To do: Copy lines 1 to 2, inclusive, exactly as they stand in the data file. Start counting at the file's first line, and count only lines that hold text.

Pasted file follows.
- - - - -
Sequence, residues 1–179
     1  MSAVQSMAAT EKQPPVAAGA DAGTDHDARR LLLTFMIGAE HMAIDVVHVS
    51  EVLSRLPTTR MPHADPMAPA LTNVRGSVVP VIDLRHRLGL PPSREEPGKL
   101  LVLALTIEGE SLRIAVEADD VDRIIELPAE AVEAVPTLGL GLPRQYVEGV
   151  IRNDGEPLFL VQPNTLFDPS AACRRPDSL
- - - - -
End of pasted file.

Sequence, residues 1–179
     1  MSAVQSMAAT EKQPPVAAGA DAGTDHDARR LLLTFMIGAE HMAIDVVHVS